When the COVID-19 pandemic began, millions of workers were put out of a job. Unemployment spiked. Employees started working from home.
Now, nearly two years later, the labor market continues to see widespread changes. It isn't a shortage of jobs available, but of workers to fill those jobs.
There are some 10 million job openings in the United States, according to the most recent U.S. Labor Department's monthly Job Openings and Labor Turnover Survey. Meanwhile, the quit rate is the highest in decades, leading to a popular term for current conditions in the labor market: The Great Resignation.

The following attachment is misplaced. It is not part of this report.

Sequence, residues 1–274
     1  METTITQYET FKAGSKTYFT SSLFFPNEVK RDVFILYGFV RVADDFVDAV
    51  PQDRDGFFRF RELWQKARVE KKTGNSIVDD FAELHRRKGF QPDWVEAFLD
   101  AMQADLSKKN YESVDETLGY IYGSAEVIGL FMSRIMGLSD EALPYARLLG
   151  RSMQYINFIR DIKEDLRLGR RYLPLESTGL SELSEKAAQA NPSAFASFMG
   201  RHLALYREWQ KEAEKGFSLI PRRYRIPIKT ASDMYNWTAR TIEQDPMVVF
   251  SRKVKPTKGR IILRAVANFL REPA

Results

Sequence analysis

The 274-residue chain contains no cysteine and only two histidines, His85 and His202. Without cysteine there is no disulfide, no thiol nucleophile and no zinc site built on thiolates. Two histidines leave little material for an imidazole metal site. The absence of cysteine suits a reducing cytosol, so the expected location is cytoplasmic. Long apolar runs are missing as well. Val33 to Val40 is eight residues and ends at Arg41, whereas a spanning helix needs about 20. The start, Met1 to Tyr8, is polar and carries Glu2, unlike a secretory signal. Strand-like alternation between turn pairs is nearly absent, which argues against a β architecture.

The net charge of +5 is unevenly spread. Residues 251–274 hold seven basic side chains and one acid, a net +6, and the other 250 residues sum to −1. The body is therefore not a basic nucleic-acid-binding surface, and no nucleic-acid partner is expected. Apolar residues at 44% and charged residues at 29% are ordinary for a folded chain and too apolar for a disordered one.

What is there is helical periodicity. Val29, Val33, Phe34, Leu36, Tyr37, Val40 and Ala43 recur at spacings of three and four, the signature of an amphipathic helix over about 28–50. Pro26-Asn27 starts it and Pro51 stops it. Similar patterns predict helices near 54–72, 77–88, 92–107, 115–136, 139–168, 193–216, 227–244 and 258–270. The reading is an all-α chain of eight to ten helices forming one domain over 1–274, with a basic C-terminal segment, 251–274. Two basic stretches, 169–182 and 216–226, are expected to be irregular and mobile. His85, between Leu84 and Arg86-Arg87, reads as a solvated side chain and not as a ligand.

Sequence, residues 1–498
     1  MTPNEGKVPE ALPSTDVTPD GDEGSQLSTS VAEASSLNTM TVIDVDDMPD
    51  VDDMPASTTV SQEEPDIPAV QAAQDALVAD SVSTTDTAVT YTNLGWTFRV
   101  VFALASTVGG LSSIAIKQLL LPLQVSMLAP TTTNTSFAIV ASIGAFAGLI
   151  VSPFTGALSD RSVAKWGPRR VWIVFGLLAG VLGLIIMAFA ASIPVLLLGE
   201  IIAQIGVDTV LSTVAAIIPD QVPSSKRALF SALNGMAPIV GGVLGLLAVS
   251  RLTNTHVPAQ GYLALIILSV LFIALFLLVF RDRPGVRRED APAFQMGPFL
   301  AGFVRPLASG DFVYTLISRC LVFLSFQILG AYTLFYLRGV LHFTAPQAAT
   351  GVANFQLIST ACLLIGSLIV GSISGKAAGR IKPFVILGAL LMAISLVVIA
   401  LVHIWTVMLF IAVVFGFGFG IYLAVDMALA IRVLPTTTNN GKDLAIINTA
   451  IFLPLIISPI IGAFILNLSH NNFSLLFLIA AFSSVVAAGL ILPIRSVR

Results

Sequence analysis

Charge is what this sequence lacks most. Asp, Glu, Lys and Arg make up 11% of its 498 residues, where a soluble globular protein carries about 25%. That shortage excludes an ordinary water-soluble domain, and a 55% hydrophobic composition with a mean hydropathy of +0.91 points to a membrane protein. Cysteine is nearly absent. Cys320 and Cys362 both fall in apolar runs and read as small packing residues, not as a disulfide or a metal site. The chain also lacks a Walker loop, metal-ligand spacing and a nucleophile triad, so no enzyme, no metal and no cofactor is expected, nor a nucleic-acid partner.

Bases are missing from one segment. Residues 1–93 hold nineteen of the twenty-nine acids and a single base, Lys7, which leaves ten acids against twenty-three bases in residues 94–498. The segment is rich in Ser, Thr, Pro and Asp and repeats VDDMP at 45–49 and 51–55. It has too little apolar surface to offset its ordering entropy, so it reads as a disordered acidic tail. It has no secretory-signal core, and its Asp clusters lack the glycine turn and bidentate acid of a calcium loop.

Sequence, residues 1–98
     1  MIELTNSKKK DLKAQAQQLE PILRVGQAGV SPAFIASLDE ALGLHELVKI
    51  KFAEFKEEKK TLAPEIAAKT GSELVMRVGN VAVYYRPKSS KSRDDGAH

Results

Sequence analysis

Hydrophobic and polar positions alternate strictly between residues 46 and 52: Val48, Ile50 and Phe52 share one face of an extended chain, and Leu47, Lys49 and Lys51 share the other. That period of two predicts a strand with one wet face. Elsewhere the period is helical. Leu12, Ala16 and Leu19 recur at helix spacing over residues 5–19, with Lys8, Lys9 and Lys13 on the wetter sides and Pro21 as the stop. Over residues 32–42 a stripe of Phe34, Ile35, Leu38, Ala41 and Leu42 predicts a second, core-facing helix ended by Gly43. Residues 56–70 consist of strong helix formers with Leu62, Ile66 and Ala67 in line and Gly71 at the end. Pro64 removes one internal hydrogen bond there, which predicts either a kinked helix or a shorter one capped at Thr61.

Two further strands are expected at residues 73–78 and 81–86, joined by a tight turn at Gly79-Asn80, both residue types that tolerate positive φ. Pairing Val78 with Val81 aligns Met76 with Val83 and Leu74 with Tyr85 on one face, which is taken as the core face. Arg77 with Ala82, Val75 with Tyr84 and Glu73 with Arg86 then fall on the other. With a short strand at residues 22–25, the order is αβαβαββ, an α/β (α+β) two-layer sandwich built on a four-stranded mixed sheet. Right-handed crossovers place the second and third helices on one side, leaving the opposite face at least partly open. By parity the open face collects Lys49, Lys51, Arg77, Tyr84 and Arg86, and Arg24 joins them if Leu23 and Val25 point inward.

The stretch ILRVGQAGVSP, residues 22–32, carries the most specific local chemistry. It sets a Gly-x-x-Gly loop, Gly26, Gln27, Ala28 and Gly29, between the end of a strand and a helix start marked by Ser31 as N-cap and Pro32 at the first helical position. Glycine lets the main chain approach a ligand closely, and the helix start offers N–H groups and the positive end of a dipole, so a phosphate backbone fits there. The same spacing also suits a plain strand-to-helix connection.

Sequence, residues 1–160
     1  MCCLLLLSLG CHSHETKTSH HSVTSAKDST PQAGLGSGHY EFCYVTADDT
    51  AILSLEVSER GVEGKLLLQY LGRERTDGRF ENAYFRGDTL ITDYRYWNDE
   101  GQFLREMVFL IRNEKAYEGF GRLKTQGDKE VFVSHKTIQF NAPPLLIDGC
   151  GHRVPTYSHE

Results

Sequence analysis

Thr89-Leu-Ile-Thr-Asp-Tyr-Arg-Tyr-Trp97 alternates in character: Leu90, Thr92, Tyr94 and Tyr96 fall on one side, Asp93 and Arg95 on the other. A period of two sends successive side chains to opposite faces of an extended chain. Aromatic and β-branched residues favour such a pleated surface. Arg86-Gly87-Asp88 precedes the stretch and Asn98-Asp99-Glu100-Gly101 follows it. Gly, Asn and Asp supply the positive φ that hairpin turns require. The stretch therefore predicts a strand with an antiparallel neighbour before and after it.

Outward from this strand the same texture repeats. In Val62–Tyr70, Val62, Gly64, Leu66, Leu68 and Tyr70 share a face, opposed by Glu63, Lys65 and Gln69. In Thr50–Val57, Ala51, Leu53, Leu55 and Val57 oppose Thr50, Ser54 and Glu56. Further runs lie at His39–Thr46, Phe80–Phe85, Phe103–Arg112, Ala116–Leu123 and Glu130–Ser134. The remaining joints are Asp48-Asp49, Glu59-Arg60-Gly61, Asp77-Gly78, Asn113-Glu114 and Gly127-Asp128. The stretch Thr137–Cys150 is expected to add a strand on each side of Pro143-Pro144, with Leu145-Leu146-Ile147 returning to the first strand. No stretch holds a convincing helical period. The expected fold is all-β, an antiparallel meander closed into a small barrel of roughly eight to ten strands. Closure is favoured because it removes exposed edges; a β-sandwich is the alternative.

Locally, it's easy to see the impacts on everyday people. Drive around town, and you're likely to see a "We're Hiring" sign on seemingly every corner. There are supply chain issues. There are bosses desperately trying to recruit new workers. Our local sheriff's office even put an ad in Times Square to attract new deputies.
In one way or another, the labor shortage affects every industry. In this section, we at the Inlander zoomed in on four industries in particular: local agriculture, health care, law enforcement and trucking.
What we found is that the reasons for the worker shortages can vary widely, yet they're also interconnected. Many of these issues existed years ago, yet were made worse by the COVID-19 pandemic. And experts in these industries are struggling to come up with solutions.